30 December 2008 Using shaped pulses to probe energy deposition during laser-induced damage of SiO2 surfaces
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Laser-induced damage initiation in silica has been shown to follow a power-law behavior with respect to pulse-length. Models based on thermal diffusion physics can successfully predict this scaling and the effect of pulse shape for pulses between about 3ns and 10ns. In this work we use sophisticated new measurement techniques and novel pulse shape experiments to test the limits of this scaling. We show that simple pulse length scaling fails for pulses below about 3ns. Furthermore, double pulse initiation experiments suggest that energy absorbed by the first pulse is lost on time scales much shorter than would be predicted for thermal diffusion. This time scale for energy loss can be strongly modulated by maintaining a small but non-zero intensity between the pulses. By producing damage with various pulse shapes and pulse trains it is demonstrated that the properties of any hypothetical thermal absorber become highly constrained.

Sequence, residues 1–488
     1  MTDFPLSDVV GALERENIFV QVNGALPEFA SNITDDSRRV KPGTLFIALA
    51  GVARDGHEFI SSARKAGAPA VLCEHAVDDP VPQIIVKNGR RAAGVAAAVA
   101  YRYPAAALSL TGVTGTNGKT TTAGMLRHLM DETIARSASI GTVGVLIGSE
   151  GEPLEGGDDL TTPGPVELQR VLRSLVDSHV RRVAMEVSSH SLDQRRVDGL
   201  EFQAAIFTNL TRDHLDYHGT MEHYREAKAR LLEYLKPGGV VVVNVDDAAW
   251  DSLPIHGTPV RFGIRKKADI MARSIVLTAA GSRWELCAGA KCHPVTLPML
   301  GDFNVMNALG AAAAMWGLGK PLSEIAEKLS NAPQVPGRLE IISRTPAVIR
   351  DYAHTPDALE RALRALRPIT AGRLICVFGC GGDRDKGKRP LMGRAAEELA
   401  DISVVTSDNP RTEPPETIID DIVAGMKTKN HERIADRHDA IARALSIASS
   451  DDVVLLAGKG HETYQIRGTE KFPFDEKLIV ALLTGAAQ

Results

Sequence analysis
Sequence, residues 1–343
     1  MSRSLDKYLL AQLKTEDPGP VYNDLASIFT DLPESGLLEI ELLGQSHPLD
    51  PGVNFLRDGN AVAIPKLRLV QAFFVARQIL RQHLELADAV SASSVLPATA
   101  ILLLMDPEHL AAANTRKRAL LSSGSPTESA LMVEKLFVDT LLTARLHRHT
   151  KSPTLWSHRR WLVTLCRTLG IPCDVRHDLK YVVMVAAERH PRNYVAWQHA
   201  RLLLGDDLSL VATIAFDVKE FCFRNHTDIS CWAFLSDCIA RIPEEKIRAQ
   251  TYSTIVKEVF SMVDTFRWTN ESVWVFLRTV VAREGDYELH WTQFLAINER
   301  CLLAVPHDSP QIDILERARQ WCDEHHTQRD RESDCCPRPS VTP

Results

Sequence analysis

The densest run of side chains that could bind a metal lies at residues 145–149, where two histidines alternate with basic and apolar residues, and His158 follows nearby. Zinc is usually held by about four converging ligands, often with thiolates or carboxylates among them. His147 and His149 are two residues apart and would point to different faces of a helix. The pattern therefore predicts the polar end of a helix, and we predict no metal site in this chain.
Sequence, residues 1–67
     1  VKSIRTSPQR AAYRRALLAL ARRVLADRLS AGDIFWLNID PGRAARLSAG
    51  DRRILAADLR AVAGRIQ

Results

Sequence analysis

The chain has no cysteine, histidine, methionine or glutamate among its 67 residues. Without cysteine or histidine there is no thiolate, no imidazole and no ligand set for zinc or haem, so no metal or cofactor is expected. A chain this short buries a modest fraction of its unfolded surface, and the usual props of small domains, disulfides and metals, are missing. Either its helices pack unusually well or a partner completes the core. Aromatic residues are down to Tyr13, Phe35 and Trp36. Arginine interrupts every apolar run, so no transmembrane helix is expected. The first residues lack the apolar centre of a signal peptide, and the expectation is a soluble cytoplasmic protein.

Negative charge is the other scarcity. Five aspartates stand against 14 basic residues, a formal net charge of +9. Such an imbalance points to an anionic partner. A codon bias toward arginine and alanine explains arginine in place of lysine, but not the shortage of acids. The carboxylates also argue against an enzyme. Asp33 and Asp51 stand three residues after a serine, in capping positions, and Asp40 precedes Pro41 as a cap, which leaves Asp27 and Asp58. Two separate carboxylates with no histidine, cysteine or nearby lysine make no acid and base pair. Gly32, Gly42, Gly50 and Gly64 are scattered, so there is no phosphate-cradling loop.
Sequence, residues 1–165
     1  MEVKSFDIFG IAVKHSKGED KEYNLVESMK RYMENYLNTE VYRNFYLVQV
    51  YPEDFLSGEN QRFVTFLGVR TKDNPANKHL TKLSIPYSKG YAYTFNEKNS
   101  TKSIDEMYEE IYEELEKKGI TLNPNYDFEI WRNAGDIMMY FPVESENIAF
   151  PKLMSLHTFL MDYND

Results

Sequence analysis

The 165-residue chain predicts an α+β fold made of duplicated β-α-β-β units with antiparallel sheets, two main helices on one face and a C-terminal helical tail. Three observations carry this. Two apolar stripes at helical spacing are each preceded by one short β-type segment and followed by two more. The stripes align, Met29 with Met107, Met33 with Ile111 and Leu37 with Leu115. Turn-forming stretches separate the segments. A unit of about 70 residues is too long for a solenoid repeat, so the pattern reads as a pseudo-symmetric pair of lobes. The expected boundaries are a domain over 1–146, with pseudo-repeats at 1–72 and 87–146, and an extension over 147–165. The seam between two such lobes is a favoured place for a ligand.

© (2008) COPYRIGHT Society of Photo-Optical Instrumentation Engineers (SPIE). Downloading of the abstract is permitted for personal use only.
C. W. Carr, C. W. Carr, D. Cross, D. Cross, M. D. Feit, M. D. Feit, J. D. Bude, J. D. Bude, } "Using shaped pulses to probe energy deposition during laser-induced damage of SiO2 surfaces", Proc. SPIE 7132, Laser-Induced Damage in Optical Materials: 2008, 71321C (30 December 2008); doi: 10.1117/12.804460; https://doi.org/10.1117/12.804460

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